Dread Scott, the self-described revolutionary artist and professional troublemaker, is selling his first NFT at Christie’s in New York on October 1st. White Man for Sale is a looping video of a white man standing on an auction block in the middle of a Brooklyn sidewalk.
Scott was inspired to make the piece when he first heard about the concept of a non-fungible token. “The term fungible resonated differently for me due to its use by scholars of the history of slavery,” Scott said in a press release. “People are inherently non-fungible. But as slavery became an integral part of developing capitalism, enslavers sought to make people fungible.”
When slavery was legal in the United States, the standard for a so-called tier one slave was a 25-year-old male, who was perhaps best for labor. Those of lesser value—unskilled women, children, and the elderly—according to slaveholders, were deemed second or third tier and so on. By categorizing people in this way they could be more easily converted into commodified goods. In auctioning White Man for Sale as an NFT, Scott is looking to connect the histories of capitalism and slavery to the present moment.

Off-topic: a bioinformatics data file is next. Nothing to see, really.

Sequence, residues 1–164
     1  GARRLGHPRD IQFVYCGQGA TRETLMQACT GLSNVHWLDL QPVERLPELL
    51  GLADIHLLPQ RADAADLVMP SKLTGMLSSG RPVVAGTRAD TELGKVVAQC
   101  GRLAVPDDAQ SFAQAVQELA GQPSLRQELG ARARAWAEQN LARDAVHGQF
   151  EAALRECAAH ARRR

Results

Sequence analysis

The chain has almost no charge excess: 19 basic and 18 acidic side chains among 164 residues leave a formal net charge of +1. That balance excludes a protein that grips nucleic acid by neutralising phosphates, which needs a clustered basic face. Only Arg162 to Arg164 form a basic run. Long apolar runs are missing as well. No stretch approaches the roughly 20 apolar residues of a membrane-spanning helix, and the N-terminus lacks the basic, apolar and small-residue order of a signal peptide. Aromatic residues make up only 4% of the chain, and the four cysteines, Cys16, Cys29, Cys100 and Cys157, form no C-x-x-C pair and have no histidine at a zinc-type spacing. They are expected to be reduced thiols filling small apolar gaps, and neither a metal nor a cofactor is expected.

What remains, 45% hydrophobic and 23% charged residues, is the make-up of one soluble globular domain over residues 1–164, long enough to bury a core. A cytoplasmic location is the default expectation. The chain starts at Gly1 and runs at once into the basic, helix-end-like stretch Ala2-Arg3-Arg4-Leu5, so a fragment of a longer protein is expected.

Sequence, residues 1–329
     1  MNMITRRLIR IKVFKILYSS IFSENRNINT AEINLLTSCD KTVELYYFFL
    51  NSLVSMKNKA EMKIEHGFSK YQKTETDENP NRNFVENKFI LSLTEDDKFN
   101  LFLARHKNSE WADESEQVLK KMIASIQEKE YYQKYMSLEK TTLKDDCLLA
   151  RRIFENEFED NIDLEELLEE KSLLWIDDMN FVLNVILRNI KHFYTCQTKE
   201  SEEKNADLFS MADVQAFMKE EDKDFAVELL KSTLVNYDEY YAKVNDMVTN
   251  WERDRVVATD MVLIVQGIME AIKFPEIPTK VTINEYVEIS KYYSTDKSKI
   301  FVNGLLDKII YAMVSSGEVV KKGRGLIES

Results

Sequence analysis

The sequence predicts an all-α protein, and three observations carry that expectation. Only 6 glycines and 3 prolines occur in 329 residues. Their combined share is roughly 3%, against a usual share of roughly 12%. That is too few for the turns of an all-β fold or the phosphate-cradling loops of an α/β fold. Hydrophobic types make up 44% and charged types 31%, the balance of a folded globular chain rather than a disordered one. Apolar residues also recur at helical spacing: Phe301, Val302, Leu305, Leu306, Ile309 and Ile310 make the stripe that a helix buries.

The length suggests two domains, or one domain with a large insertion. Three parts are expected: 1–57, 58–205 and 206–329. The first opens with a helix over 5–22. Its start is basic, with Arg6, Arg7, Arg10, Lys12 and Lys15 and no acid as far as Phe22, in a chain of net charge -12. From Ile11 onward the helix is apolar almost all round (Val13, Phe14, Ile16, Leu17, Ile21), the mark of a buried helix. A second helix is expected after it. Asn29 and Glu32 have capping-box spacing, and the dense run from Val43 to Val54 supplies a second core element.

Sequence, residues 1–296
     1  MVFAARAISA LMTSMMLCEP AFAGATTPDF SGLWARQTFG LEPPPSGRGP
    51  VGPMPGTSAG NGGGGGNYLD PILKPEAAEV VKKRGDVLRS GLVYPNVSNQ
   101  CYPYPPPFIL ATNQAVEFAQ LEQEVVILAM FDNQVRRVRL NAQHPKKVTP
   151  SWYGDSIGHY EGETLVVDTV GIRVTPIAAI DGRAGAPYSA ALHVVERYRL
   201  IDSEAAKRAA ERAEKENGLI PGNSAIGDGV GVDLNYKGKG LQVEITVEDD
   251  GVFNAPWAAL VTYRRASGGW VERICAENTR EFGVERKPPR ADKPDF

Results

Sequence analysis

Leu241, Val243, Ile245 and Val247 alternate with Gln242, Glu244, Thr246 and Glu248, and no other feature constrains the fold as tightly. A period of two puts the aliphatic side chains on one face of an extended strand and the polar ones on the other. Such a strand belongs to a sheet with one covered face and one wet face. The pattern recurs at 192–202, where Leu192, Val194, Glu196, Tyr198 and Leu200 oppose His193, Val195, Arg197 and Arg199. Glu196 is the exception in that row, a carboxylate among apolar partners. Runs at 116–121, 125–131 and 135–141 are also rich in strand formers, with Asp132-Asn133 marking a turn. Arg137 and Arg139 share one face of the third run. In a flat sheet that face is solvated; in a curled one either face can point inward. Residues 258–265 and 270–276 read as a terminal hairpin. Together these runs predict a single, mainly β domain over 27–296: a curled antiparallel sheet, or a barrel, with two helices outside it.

“This concept of having non-fungible tokens, taking art and talking about suddenly being non-fungible…,” Scott explained in his artist’s statement, “was something that I thought was interesting in a way that would be important to talk about the history of slavery and the history of capitalism.…”
This work comes on the heels of a lifetime of provocative work. Scott’s first major work What Is the Proper Way to Display a U.S. Flag (1989) sparked national discourse on what constituted the desecration of the American flag. Scott would end up acting as a defendant in a Supreme Court case on the subject. The Court would come to rule that federal laws banning flag desecration was unconstitutional. Since then, Scott has burned and disfigured everything from American dollars to copies of the Bill of Rights.
The auction of White Man for Sale follows the opening of Scott’s first solo exhibition at a gallery in more than 20 years. The exhibition “We’re Going to End Slavery. Join Us!,” which draws on his 2019 staged performance Slave Rebellion Reenactment in and around New Orleans, will open at Cristin Tierney Gallery in New York on September 17.